But I always caution against drawing too many conclusions from the map I put together. For example, the maps are much less useful if you want to, say, compare the number of incidents in different areas of the country, or in different cities. For example, one city may have more incidents than another not necessarily because the police are more aggressive or less tolerant of being recorded, but simply because the media may more likely to report such incidents. Or perhaps the police department in the more active city has a better system in place for citizens to register complaints. On this issue in particular, more populated areas will also present more opportunities for citizens with cameras to interact with police.

My feature, "The War on Cameras" here.

Cop Block launches “The War on Cameras: An Interactive Map”

Monday, February 28th, 2011

View The War on Cameras: An Interactive Map in a larger map


Most Cop Block readers are probably familiar with the “Botched Paramilitary Police Raids” map project by the Cato Institute which tracks botched SWAT raids on an interactive Google map. Over the past couple weeks, I’ve been working on a similar project which aims to track government hostility to cameras. You can check out the project page here.

The map currently has over 60 markers on it. Each marker on the map represents one or more incidents where a person was harassed, detained, threatened, attacked, arrested, or charged with a crime for using a camera, incident(s) where a camera was seized, or incident(s) where government officials attempted to cover up video evidence. The events on the map all occurred between 2007 and the present.

Just to be clear, this map is absolutely not intended to be comprehensive. In fact, I am already aware of a number of events that have yet to be posted, but I decided to release the project in it’s current state since it is intended to be a perpetual work-in-progress. I will continue working on getting these events on the map and attempting to track down new ones. If you would like to tell me about an incident that I missed, check the project page for information about how to do so.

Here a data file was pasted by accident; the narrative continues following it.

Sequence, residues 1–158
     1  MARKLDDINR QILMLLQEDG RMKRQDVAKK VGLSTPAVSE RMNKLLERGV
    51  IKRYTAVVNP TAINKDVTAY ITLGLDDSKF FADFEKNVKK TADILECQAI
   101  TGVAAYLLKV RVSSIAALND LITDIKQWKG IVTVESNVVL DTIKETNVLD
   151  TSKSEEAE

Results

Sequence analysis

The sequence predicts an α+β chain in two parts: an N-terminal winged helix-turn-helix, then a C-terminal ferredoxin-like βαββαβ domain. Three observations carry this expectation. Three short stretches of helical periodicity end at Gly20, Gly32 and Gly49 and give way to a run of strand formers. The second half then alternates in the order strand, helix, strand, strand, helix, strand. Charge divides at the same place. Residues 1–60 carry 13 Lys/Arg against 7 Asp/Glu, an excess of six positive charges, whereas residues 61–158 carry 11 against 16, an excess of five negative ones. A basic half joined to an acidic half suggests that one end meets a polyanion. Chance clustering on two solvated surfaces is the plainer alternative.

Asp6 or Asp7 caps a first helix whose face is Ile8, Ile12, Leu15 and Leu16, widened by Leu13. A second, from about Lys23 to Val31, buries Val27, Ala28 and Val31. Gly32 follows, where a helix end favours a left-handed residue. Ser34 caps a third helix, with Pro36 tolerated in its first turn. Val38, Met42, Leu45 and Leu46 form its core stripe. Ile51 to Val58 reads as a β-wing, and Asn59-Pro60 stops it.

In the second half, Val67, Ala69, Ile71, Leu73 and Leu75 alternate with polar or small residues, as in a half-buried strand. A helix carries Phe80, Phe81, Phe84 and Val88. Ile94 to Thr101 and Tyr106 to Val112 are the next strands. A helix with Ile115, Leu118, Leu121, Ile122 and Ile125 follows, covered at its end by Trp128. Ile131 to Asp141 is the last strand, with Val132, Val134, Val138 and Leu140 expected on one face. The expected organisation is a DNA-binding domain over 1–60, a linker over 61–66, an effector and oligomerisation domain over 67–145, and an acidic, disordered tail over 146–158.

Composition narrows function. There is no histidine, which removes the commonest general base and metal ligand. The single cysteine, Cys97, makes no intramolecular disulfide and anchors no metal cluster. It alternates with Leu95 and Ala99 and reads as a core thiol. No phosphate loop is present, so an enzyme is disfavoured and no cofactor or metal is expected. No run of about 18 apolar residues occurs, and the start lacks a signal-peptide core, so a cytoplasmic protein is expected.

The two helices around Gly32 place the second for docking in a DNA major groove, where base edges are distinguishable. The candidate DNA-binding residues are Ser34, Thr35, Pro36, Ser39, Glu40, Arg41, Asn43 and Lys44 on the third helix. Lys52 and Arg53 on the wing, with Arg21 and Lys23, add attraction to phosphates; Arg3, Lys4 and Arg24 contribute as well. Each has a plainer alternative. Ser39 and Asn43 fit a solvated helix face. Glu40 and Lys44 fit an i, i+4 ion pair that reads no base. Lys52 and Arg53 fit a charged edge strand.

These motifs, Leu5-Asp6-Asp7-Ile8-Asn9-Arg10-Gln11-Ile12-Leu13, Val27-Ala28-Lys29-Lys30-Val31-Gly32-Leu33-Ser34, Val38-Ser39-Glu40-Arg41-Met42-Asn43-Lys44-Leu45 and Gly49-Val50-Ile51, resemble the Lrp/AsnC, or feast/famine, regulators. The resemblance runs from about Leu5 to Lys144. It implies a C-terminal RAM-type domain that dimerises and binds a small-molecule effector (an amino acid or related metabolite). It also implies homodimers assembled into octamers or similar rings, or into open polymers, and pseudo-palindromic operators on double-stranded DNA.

I will do my best to document any significant changes I make to the map. Updates about the map will be filed under the category “Map Updates.”

If you appreciate the work I’ve done on this project and would like for me to continue working on it, donations are much appreciated. You can donate to me here.

Lastly, I’d like to give a big shout out to Carlos Miller, David Packman, Radley Balko, and my fellow Cop Block contributors. Their research and reporting were invaluable to this project.

Policing for Profit

Monday, February 28th, 2011

Cops launch drug raid based on anonymous tip and a single marijuana stem found in the trash. End up raiding a home recording studio. Begin deliberations on what cool stuff they’re now permitted to take.

Policing for Profit

Monday, February 28th, 2011

Cops launch drug raid based on anonymous tip and a single marijuana stem found in the trash. End up raiding a home recording studio. Begin deliberations on what cool stuff they’re now permitted to take.

Policing for Profit

Monday, February 28th, 2011

Cops launch drug raid based on anonymous tip and a single marijuana stem found in the trash. End up raiding a home recording studio. Begin deliberations on how much cool stuff they're now permitted to take.

Policing for Profit

Monday, February 28th, 2011

Cops launch drug raid based on anonymous tip and a single marijuana stem found in the trash. End up raiding a home recording studio. Begin deliberations on how much cool stuff they're now permitted to take.

Photo

Monday, February 28th, 2011


VOICES FROM OUTSIDE: art exhibit and auction to benefit Books Through Bars, 3/19

Monday, February 28th, 2011
VOICES FROM OUTSIDE:

read more